Good idea Julius.
Here is a list of
some of the sources I use almost daily. Some will only confirm or deny
the validity of a scientific name while others will give more detailed
information. Everyone should be aware that not every plant name will
always show up on some of these lists since those names are either
recently published or works in progress which have not been published
at all. And much worse, MANY of the names used on internet plant
discussion groups and sources such as Wiki are totally "made-up"
(that's Dr. Croat's term!). One of our youngest members Taylor Holzer
(14) who is quickly becoming a whiz at aroids found one last night
called "Philodendron Katak" on a website that is a completely bogus
name! The plant they were showing is Philodendron martianum
Engler. He also found a plant on one site which was using the name of
a Philodendron species and the plant was obviously an Anthurium!
Taylor immediately knew they had the wrong genus name! You see, Taylor
loves to read about aroids and keeps me on my toes all the time! But
what we all have to deal with as a result of the internet is you can
rarely trust ANY name of a plant discussion group! I've actually found
people putting their own last name with "ii" at the end!
One major point of interest if you are trying to learn about an aroid
species! Dr. Croat frequently publishes his field notes on TROPICOS,
you just need to know how to find them! Follow this procedure: 1) Go
to the TROPICOS site and type in the scientific name you are seeking
information regarding. If the name you typed does not pop up you need
to check to see if you misspelled the name. The TROPICOS system will
often try to correct your spelling or suggest proper spellings as you
work. But if all else fails then type in only the genus name (i.e.
Philodendron). A complete list of species will pop up but you should
be aware this list will also include all valid names plus any synonym
names. You need to go to that page and look at the headers to see if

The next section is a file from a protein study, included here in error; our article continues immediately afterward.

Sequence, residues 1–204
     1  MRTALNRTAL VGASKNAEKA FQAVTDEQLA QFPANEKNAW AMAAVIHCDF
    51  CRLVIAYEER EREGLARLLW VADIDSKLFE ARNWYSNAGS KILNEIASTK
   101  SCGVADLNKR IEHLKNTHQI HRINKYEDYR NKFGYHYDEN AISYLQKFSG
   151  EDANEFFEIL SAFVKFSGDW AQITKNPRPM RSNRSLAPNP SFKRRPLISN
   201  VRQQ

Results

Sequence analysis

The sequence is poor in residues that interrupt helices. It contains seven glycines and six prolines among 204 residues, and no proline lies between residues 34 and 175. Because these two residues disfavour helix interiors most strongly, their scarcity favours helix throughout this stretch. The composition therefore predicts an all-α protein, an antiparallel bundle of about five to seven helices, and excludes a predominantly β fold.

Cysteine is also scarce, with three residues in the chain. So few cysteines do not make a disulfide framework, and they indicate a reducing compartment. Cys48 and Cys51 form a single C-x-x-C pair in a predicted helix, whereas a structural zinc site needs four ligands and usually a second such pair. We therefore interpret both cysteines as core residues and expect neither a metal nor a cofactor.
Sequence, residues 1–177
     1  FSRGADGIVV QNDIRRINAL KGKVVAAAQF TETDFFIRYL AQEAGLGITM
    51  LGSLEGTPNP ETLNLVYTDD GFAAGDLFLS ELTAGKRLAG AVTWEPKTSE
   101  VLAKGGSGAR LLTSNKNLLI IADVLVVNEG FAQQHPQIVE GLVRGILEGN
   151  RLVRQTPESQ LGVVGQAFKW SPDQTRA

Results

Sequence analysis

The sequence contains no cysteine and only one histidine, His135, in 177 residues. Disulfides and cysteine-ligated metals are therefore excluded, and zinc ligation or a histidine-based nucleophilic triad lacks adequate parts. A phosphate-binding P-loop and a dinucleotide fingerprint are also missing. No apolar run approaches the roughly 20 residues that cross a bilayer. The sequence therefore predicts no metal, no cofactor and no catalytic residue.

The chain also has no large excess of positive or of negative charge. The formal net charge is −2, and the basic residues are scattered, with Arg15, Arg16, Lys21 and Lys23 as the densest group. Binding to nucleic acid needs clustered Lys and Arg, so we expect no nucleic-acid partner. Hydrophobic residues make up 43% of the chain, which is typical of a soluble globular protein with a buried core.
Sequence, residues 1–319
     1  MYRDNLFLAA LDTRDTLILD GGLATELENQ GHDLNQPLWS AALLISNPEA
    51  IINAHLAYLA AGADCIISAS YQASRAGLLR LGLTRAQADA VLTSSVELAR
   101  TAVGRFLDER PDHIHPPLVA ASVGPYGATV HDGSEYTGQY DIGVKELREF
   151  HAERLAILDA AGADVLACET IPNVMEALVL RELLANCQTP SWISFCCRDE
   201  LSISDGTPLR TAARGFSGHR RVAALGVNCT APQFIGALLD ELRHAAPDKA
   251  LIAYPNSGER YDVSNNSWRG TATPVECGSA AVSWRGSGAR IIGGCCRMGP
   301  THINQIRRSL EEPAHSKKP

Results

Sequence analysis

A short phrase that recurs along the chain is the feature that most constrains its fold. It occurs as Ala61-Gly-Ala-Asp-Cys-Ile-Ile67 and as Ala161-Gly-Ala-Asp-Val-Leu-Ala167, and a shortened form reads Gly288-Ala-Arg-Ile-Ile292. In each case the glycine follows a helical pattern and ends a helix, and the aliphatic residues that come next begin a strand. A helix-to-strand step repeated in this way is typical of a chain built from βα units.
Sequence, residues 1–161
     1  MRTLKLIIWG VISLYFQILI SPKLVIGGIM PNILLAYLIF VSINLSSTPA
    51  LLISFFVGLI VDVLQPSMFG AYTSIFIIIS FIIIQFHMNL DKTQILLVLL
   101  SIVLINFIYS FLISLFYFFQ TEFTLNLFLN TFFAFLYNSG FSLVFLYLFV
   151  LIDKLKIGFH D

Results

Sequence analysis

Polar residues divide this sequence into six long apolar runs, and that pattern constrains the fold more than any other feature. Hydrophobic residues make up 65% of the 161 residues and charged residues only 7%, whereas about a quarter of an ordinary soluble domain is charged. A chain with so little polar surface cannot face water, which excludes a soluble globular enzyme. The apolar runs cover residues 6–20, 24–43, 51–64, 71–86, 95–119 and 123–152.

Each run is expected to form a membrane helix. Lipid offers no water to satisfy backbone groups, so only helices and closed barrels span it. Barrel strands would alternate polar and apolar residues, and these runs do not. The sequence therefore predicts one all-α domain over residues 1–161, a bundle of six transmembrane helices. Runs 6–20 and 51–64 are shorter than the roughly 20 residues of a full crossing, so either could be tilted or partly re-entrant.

the name is a synonym for another plant! Click on "synonyms" and the
site will tell you if it is valid or a synonym of another species.
Then, after you have located a valid name click on "specimens". A list
of the collected specimens will pop up. You can see to the left of the
page where the specimen was collected and to the right you'll see a
list of collection numbers including the author. If you find any with
Dr. Croat's name on them as the collector click on the number. Then
you will be able to read his field notes about that particular
collection. READ THEM ALL! You will often find additional info in
other collection data. I often go through the entire list to find
information on the color or details of an inflorescence,
characteristics of the petiole, stem, blade, cataphyll and other
important facts you can use to determine the characteristics of a
TROPICOS which is a service of the Missouri Botanical Garden
The International Aroid Society. You'll find tons of good info here!
The Aroid l Index. To use this try typing in the name of the plant and
then click on all the years. The system will search for any
discussions of that species from the beginning of Aroid l
C:\Documents and Settings\Owner\Desktop\Aroid l achieves search.mht
The International Plant Names Index which is a service of the Royal
Botanic Garden Kew in London. This is considered the ultimate source
by many but rarely lists details and only confirms the validity of
Kew Monocot Checklist. This site sometimes contains good info about
why a plant is a synonym instead of the currently accepted name.
C:\Documents and Settings\Owner\Desktop\Kew World Monocots Checklist
The Kew World Checklist of Selected Plant Families